Weeks 13-21: Cardiology, ICU, Eating Disorders, Staff Relief

It seems we’re developing a motif here, as this post will continue to cram 5+ weeks of rotations into one abridged post. But, hey, so goes the life of the dietetic intern.

Week 13: Cardiology

Cardiology was my only 1 week rotation – and man, it went by SO FAST! I do feel like the length of the rotation was appropriate, however, given the patient population. During this rotation, most of the patients I saw were status post heart attacks, CABG procedures (stands for Coronary Artery Bypass Graft, and is pronounced like the vegetable – “cabbage”), or admitted with Congestive Heart Failure (often referred to as CHF). Working in a hospital as a clinical dietetic intern for 13 weeks prior to this, I had already been exposed to most of these conditions, and I don’t feel that having a very long cardiology rotation would have enhanced my experience dramatically. I basically gained more practice giving heart healthy diet and CHF educations, which I welcome more of! My one complaint for this rotation is that it was my only week working on a unit at a different campus than my other weeks, and it was a bit challenging to get used to the different buildings, and a new set of operations in such a short amount of time.

Because the heart healthy diet is the primary need on cardiology units, I’ve created a separate post to provide an overview of the guidelines. You can view the post HERE! The rotation really inspired me to spread the word about heart healthy diets, and catching signs of heart failure, because death related to heart disease is typically so preventable.

If you are in dietetics, I welcome your feedback. And if you are just interested in learning about the diet for your own benefit or that of a loved one, please leave a comment and let me know if you found the information helpful. Questions and comments are ALWAYS WELCOME!

And after Cardiology, it was on to Critical Care!

Weeks 14-15: Critical Care

This rotation was INTENSE, mostly consisting of recommending nutrition support options. The majority of the patients I saw were NPO, so taking in no nutrition by mouth. I had the opportunity the learn about the current nutrition support guidelines according to ASPEN and the Academy of Nutrition and Dietetics, and gained a clearer understanding of what makes each formula unique and appropriate for various individual conditions.


Lot of calculations and lab values in Critical Care…

Not only was my critical care rotation interesting, but I also felt like a very strong component of every patient’s care team. I attended daily rounds on the ICU floor in which each critical patient was discussed, and the opinion of the dietitian was typically obtained, and highly regarded – usually my recs would be implemented immediately without hesitation! In previous clinical rotations, I recall experiencing frustration when having to recommend the same diet changes multiple times, seeing no orders placed. In the ICU, I felt capable of making a difference in the care of patients, and felt truly empowered as a proponent of good nutrition, particularly as I got to watch the transformation some patients took once appropriate nutrition recommendations were implemented.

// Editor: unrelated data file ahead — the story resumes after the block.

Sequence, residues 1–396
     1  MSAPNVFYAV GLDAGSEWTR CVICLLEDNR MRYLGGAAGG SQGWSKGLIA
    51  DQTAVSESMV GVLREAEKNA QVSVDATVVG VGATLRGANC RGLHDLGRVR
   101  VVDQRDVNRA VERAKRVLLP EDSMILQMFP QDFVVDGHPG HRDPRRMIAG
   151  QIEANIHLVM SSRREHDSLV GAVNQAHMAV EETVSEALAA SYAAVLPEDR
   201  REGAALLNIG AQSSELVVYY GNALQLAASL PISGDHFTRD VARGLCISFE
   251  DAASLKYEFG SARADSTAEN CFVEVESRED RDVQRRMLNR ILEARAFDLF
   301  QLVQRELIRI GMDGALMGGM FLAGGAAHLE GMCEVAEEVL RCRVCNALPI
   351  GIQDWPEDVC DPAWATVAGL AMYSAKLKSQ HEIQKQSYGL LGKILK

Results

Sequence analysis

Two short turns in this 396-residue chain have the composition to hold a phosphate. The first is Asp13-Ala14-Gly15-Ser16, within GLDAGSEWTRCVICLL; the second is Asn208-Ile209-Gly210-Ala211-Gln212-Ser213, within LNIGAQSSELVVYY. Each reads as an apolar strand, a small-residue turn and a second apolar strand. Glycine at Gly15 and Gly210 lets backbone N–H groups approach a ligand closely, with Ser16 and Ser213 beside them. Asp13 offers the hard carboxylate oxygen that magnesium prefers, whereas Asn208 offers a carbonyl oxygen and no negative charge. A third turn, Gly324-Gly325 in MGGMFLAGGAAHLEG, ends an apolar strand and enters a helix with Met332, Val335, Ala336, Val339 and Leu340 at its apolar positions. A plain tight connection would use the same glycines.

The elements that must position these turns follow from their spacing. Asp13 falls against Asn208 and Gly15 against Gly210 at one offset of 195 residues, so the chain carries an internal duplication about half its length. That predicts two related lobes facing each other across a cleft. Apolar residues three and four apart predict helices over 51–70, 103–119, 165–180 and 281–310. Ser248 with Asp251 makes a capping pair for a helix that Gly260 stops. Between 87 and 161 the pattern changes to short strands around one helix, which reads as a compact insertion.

You fellow interns and RDs feel me??

Week 16-17: BREAK!

After Critical Care, I was lucky enough to have a 2 week long break. I spent a nice chunk of that time catching up on clinical readings and assignments, but I certainly got to have some fun as well…


Went camping…


…in Morro Bay, California…


…with my best friends in the entire world (my SISTERS and parents)…



…who walked all over town with me when I just had to have some Cioppino (it was SO worth it)…



…We even got to have a little camera fun…


…and got so many beautiful sunsets…

Then I got to welcome 2014 with my sister and brother from other mothers in Seattle, WA and Vancouver, BC:



…where I got to see Captain Kirk’s Chair at the EMP Museum


…climb atop this Space Needle…


…with THESE two…


…clean ourselves up for a New Years Eve celebration…


…and I even found my name in LIGHTS!


And of course, once returning to San Francisco (<3), had plenty of time left over for tasty coffee, a farmer’s market…


 …and a little at-home yoga :).

And it’s a seriously good thing I got so much me time over these two weeks. I was definitely going to need it entering my eating disorders rotation…

Week 18-19: Clinical Elective – Eating Disorders

In a happy twist of fate, on my very first day of interning, my CNM offered my fellow intern and me 2 options for our clinical elective: eating disorders, or NICU. I immediately jumped at the opportunity to claim EDs – although I wish I could have experienced both areas of specialty, I’m sure no one is surprised by my choice.

My elective week brought up a whirlwind of emotion, both positive and negative. But the greatest thing I took from these two weeks was that I felt right at home. It was incredible to be reassured that ED treatment and recovery is the field I am meant to be in, because of my passion, my skills, and my own personal struggle. I feel blessed to have found this so early on in my career, and am so glad to see I still feel the way I did at the start of this journey.

Most of the week involved a lot of shadowing. Given the high specialization and touchy nature of this field, at the start of my rotation it was unclear whether I would have the opportunity to counsel one on one. However, after a few days of sitting in on sessions and observation of groups, in addition to spending time note writing and reviewing the past medical histories of the patients, I was able to conduct supervised one on one sessions with a number of people. This experience was anxiety-inducing, incredibly exciting, and limitlessly humbling. I was reminded of the love I have for this field, and was also reminded that I am quite good at it naturally! But I also saw how much I do have left to learn, and look forward to the career ahead of me.


^This is what note taking looks like in an eating disorders rotation…

Weeks 20-21: Staff Relief – FINAL WEEKS IN CLINICAL!